By developing a drug to treat Alzheimer's disease, Cassava Sciences (SAVA 3.81%) is daring to tread where others have stumbled. Like other biotechs without any revenue, its value proposition to shareholders is contingent on the success of its clinical trials.
And right now, Cassava is looking quite good in that department. The company's drug, simufilam, recently completed its phase 2 clinical trials, and the company plans to start phase 3 before the end of 2021. Still, the competitive landscape for Alzheimer's therapeutics isn't exactly like any other market, and that's why smart investors understand three dimensions of this company that other people don't.
1. The stock is starting to appeal to a different group of investors
On July 29, Cassava reported a packet of data showing that simufilam improved cognition, slowed the progression of Alzheimer's disease, and elicited positive changes in a smattering of biomarkers. To nobody's surprise, the stock is surging as the market prices in the scale of the future revenue that simufilam is expected to generate if it gets approved.
There's still a significant risk of a late-stage failure. But the chance that Cassava will succeed with simufilam is higher than ever before, and everyone knows it. That means the stock is likely to look a bit pricey to biotech speculators who target early-stage companies, aiming for massive growth throughout the clinical trial process.
In short, there's an opportunity here for investors with an average risk tolerance who wouldn't usually be comfortable with buying biotech stocks. Such an opportunity could buoy the stock's price further even if speculators lose interest.
2. Competitors' failures don't mean anything
It's incredibly difficult to make drugs that treat Alzheimer's disease. A handful of companies have tried and failed outright. Others, like Annovis Bio, have reported positive mid-stage results that later fell apart. And for Biogen, which recently succeeded in commercializing an Alzheimer's therapy, significant questions remain about the treatment's ability to actually help patients with the symptoms of the disease.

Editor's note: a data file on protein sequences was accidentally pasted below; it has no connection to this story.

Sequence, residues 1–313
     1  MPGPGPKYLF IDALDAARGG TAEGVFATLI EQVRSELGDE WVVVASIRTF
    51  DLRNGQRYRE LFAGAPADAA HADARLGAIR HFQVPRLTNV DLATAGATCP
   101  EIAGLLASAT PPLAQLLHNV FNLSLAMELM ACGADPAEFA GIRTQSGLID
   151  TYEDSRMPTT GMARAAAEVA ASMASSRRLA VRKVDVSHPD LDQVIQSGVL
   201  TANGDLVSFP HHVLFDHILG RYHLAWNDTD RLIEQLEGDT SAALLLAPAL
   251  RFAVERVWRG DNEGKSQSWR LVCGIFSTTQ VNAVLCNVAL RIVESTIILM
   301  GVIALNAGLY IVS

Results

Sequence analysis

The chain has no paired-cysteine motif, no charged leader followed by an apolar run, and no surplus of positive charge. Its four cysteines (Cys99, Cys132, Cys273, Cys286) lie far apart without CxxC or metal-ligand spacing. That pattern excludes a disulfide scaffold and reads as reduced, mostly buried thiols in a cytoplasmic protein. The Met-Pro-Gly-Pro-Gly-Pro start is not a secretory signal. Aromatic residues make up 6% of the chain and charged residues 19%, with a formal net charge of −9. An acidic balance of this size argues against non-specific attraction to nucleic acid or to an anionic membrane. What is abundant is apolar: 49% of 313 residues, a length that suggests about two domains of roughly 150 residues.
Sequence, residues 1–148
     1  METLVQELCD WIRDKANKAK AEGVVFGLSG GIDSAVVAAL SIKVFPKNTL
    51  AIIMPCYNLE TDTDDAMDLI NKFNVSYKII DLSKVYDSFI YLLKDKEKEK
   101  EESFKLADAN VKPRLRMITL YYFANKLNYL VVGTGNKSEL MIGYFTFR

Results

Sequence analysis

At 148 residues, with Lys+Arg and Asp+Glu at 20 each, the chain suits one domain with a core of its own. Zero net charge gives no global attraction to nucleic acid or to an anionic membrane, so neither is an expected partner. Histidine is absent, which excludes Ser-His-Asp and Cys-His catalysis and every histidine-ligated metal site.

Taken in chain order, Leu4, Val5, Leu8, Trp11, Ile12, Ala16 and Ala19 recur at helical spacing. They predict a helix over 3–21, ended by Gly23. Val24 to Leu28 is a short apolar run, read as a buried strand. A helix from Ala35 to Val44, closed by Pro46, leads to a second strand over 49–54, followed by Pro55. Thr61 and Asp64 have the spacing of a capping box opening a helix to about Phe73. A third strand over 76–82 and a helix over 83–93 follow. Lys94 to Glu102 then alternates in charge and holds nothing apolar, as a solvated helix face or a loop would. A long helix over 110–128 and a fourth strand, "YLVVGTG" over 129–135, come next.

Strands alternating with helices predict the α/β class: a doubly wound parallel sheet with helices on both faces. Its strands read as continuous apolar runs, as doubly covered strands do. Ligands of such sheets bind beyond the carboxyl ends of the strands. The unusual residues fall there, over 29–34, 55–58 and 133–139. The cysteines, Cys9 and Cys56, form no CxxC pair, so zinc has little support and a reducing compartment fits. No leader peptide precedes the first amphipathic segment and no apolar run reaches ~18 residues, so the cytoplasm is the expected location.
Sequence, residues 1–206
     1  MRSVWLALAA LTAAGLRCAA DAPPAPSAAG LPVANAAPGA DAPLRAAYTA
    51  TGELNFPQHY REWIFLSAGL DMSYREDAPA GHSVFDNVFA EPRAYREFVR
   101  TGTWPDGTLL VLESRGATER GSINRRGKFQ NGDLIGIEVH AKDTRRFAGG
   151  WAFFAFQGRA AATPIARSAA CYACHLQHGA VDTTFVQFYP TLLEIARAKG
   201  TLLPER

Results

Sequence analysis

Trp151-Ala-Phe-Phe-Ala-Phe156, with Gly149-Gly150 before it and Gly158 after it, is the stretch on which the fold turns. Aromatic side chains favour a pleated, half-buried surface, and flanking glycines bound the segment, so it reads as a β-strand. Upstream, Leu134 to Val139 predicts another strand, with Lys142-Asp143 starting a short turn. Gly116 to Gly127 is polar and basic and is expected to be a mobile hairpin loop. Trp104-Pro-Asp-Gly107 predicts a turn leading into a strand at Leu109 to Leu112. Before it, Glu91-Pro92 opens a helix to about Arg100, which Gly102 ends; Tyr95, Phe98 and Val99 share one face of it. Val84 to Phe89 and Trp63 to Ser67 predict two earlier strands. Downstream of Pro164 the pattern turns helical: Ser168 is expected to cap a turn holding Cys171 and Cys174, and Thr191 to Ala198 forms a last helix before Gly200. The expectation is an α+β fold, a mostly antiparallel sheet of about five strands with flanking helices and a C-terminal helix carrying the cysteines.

Frequently, one company's breakthroughs or setbacks seem to ripple through the stock prices of other Alzheimer's drug producers as the market swells with confidence or pessimism in light of new information. But for investors with a long time horizon and an adequately diversified portfolio, there's no reason to trade in and out of Cassava based on what is happening elsewhere in the Alzheimer's space.
Unless, that is, the new information specifically pertains to Cassava's ability to compete, assuming simufilam is eventually proven effective and approved for sale. Other businesses might be making drugs that have a different mechanism of action, which means that they might not even eat into simufilam's market share, because the drugs could potentially be prescribed together. Or they might be targeting a different segment of the patient population entirely, meaning that they don't pose any threat. And those other therapies are almost certainly going to have a different side-effect profile, which could be yet another point of differentiation.
So don't jump to conclusions about Cassava's merit as an investment based on another company's clinical trial results, even if others do. It's unlikely that any other program offers an apples-to-apples comparison, and based on what we've seen in the Alzheimer's therapy market so far, that matters.
3. At least three different paths could lead to approval
Alzheimer's disease is quite complicated, and that means there's more than one road for Cassava to take with simufilam, depending on what it can prove in clinical trials.
Cassava plans to conduct two phase 3 clinical trials to test simufilam's efficacy, starting before the end of this year. Both will compare the drug to placebos.
The first trial will look for improvements in a pair of cognitive benchmark tests that map to a patient's ability to orient themselves in time and space and to care for themselves. In contrast, the second trial examines the drug's ability to slow the progression of Alzheimer's disease over time. If Cassava's therapy can actually help patients to have improved cognitive functioning or slower progression of the disease, it'll be a huge win. Proving efficacy in both dimensions would be even better. But smart investors know that it might not need to prove either.
Beyond those two studies, the company will also need to replicate its recently reported results that showed that treatment with simufilam improved all of the biomarkers it measured that are thought to be related to the disease. Notably, Biogen was able to get its drug, Aduhelm, approved on the basis of its favorable biomarker data even though it didn't have much evidence to support improvement in cognitive benchmarks or in the rate of Alzheimer's progression.
It remains to be seen whether any other competitor will be able to convince regulators to approve a drug using a similarly limited set of data. At the moment, such an approach looks fully within reach for Cassava, especially considering that it does have some evidence that simufilam improves cognitive benchmarks in addition to slowing progression. And even if future updates don't look as positive, the company's lead program is far from finished.